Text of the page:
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Human Genome News Archive Edition

Human Genome Quarterly, Spring 1989; 1(1)

Human Genome Computational Task Force Formed

The DOE Human Genome Steering Committee has appointed the Human Genome Computational Task Force (HGCTF). The mission of the task force is to:

  1. advise the HGSC on technical matters (e.g., the feasibility, cost, and resources of computational aspects of the Human Genome Program),
  2. provide a focal point for responding to the computational needs and priorities of the experimental efforts within the DOE community,
  3. provide a forum for detailed discussion concerning on-going and proposed research and development activities within the DOE community,
  4. develop protocols for the sharing of data over networks, and
  5. provide an official interface to the private sector for negotiating DOE collaborator license agreements for commercial product pricing, use, and evaluation.

Members of the DOE Human Genome Computational Task Force are listed below:

  • Dr. Thomas G. Marr, Chairman, Los Alamos National Laboratory;
  • Dr. Elbert Branscom, Lawrence Livermore National Laboratory;
  • Dr. Eric Lander, Whitehead Institute for Biomedical Research;
  • Dr. Stanley Letovsky, Software Engineering Institute, Carnegie Mellon University;
  • Dr. Eugene Myers, Department of Computer Science, University of Arizona;
  • Dr. Ross Overbeek, Computer Science Laboratory, Argonne National Laboratory;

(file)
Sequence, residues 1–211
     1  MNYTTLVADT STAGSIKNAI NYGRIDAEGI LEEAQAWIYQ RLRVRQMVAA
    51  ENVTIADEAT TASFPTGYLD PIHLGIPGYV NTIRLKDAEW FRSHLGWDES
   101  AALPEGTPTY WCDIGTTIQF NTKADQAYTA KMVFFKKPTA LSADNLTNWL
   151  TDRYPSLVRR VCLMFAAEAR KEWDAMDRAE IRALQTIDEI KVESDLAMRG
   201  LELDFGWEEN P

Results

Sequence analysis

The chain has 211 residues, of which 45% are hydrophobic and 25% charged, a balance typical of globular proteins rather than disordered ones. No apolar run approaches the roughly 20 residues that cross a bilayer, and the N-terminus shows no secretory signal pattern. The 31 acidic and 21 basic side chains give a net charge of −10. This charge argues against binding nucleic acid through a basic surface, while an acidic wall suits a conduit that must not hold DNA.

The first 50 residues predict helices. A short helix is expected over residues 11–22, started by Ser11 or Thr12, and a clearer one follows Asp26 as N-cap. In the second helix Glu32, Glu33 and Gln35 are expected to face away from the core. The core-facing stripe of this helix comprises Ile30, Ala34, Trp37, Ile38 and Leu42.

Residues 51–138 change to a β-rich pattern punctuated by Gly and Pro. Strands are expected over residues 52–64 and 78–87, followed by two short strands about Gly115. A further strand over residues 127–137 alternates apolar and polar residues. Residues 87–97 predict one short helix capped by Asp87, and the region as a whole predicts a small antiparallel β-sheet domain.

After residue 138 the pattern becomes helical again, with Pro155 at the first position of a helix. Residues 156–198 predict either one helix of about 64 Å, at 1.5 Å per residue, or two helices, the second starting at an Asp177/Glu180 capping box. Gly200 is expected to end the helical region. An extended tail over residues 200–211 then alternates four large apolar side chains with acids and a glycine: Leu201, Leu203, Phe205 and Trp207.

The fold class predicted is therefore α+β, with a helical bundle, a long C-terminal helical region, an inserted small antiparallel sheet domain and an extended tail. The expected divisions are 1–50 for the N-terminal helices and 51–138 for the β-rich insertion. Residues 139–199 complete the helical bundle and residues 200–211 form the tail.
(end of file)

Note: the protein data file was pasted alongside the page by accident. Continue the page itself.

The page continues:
• Dr. Richard Roberts, Cold Spring Harbor Laboratory; and
  • Dr. Edward Theil, Lawrence Berkeley Laboratory.

The task force is pursuing open collaboration with other groups or agencies involved in genome mapping and sequencing.


Submitted by Dr. Thomas G. Marr

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The electronic form of the newsletter may be cited in the following style:
Human Genome Program, U.S. Department of Energy, Human Genome News (v1n1).

Human Genome Project 1990–2003

The Human Genome Project (HGP) was an international 13-year effort, 1990 to 2003. Primary goals were to discover the complete set of human genes and make them accessible for further biological study, and determine the complete sequence of DNA bases in the human genome. See Timeline for more HGP history.

Human Genome News

Published from 1989 until 2002, this newsletter facilitated HGP communication, helped prevent duplication of research effort, and informed persons interested in genome research.